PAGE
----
dedication: to my miraculous ability to write a whole fucking paper in three hours. not even kidding. I am QUEEN OF PAPERS.
notes: when Rick Santorum stops making asinine comments about women's rights, I'll stop telling people to Google his last name.
notes2: oops, my politics are showing again. oh well.
chapter title: mona lisa overdrive
summary: A ragtag group of cable-dancers on the run, holding out for one last grift. — cyberpunk AU; Rin/Shiemi.
Up in the white spires, a girl without shoes began to cry.
She breathed in, red-nosed and red-eyed, shaking through the night and so cold her teeth chattered. She clenched her hands, ragged nails biting into ragged flesh, and the pain brought her out of it.
She went to the iron gate and slipped through the bars, too skinny to be held back. The knobs of her shoulder blades stuck out against the perfect clean silk of her kimono. She stood at the edge and looked down for a very long time.
She wiped the tears away and with a deep breath, began to climb down.
/ / /
Sweat down her spine, pounding underneath her feet. The light moved around her, liquid as it poured down her vertebrae, soaking into the Glo inked up and down her back. It was still new, still had yet to seep under the top layer of her skin and illuminate her from within.
It itched with the Base in her veins, the painkillers and the hallucinogens at odds.
Bad girl, mixing drugs like that.
But for now, it writhed across her back in time to the pulse-beat as she danced, a fox done in gold and black and red. It stood out stark against her skin, but was only a pin-prick in the warehouse. Spiked jewelry, dark shirt, white lycra so tight it might have been polyglued to her legs; in this crowd, Izumo was just another fake girl with fake issues as plastic as the skin she was in.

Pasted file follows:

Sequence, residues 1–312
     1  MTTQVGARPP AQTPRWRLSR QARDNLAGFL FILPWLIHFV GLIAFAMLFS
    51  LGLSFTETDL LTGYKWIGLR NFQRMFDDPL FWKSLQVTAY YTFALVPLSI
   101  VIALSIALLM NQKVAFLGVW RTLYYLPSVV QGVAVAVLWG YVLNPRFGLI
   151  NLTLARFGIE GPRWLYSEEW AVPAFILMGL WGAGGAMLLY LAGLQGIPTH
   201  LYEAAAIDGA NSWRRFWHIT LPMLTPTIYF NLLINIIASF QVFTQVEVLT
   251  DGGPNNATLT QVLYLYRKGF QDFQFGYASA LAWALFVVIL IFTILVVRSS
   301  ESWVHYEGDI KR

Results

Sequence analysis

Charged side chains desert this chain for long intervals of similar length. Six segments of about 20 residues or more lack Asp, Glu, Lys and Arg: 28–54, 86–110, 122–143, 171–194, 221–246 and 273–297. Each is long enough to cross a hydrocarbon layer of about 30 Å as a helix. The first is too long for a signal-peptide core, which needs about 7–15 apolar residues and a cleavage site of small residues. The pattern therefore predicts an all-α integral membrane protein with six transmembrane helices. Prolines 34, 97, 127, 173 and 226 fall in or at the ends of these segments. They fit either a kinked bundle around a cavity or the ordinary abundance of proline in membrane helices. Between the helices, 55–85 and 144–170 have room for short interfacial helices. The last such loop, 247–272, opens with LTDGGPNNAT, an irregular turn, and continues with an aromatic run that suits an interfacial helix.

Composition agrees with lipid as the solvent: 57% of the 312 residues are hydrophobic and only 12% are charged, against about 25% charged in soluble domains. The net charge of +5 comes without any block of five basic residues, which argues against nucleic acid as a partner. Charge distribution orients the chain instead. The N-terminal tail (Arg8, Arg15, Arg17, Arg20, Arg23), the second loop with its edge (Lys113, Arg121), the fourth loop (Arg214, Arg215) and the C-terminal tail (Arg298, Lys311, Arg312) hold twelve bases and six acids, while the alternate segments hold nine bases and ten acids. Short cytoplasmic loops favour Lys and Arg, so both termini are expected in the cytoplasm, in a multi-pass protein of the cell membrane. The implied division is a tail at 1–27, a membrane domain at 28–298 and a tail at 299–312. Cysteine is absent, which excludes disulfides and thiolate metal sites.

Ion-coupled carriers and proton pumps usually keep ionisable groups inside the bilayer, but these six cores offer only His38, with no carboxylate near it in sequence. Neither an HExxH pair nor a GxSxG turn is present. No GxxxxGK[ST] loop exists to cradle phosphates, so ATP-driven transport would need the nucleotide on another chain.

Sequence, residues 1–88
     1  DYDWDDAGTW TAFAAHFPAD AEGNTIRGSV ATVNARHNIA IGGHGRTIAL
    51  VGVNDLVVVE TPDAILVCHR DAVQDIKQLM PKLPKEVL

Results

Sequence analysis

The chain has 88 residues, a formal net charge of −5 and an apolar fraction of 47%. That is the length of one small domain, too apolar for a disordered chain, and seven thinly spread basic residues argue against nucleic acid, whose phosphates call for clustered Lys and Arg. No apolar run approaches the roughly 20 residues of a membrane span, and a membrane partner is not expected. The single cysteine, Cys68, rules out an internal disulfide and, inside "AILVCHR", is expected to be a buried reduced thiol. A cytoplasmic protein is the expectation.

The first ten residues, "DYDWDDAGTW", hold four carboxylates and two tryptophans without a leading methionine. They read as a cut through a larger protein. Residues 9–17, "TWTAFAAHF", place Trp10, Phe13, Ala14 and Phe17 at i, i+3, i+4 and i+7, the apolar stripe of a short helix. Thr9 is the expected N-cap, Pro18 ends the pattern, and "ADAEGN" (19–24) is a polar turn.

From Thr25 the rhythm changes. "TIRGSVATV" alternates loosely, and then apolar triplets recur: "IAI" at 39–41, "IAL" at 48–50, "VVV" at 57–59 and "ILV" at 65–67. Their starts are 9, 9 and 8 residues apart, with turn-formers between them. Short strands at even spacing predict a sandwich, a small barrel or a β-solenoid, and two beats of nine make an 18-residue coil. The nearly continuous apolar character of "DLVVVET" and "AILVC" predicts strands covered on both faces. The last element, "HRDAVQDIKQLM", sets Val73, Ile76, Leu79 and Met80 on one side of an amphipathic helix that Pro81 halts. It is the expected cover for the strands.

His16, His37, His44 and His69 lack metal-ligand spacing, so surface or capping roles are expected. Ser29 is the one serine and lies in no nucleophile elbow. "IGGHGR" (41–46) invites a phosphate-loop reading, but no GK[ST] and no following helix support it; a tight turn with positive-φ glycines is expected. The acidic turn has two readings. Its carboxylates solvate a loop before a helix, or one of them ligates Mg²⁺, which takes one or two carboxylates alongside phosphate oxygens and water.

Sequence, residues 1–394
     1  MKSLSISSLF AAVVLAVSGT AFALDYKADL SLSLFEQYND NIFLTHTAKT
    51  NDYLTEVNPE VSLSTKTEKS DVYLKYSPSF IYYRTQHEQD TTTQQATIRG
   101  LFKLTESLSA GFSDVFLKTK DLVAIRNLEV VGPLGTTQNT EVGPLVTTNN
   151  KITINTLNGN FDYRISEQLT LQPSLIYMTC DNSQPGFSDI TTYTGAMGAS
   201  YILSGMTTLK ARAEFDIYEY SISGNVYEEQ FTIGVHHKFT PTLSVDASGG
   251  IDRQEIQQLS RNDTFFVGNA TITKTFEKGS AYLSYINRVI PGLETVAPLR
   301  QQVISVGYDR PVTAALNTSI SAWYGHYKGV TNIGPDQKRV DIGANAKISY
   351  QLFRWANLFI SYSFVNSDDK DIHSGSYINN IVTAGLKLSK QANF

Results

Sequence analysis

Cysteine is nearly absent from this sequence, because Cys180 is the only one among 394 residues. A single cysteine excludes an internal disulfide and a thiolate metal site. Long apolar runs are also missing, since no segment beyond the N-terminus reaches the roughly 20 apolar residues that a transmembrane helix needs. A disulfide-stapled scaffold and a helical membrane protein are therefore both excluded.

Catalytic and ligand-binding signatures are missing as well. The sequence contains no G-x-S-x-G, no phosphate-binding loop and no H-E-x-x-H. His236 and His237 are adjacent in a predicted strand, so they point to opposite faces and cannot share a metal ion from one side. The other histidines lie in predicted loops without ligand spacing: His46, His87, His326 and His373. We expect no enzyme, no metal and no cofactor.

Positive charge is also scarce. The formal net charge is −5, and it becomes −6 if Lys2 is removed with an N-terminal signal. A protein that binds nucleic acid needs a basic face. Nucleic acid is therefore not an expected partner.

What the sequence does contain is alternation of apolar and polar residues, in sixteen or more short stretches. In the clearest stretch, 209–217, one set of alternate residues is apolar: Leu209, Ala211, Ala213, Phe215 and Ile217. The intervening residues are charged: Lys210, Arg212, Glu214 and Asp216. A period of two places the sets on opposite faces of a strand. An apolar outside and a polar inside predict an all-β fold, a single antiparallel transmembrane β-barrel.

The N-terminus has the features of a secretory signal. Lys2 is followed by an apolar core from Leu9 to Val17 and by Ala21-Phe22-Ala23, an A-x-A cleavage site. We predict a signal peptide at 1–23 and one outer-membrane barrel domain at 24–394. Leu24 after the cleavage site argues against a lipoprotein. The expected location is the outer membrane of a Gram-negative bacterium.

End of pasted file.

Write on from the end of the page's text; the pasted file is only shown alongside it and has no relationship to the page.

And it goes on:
The strobe throbbed, coloured light against the walls, smearing up across the power cables. Heat and fingers curling around her hips as she swung back and forth, eyes black with pupils dilated so wide they might have swallowed her whole face, and she didn't even know what was going on.
She hated people, but she did love dancing.
Take a break, you fucking addict.
Izumo lost herself in it.
Hands on her cheeks, and "Izumo-chan. Izumo-chan!" breathed out into her ear. Smiling, giggling under her breath, she spilled into her best friend's arms; flushed and strung-out and barely herself, she could have been anyone. Everything was snow-white lines criss-crossing behind her eyelids, and her best friend's familiar face in her gaze.
"Izumo-chan!" Paku Noriko touched her eyelids, fingers soft and fast, heady like smoking base, anatomical charts spiking up and down as the pair of girls tried to breathe with their foreheads pressed together.
"Are you hurting very much?"
It was such a strange question to ask.
"No," Izumo murmured. "Not hurting at all."
And the ravers and the chromium-bingers and the phreaks and the crackers, all lit up on rapture and brimstone and Base; designer drugs for designer loves waiting to be found in the dark (darling, darling, don't you love me anymore?). Izumo watched the colours play across her best friend's face, psychobabble like who's war is it anyway and she clung to Paku's wrists sharp like ice like run on sentences like starkle starkle little twink what da tell am I ta' hink until everything was spinning round and round faster than spin-discs on the jockey's right side, so loud that she could feel it not hear it.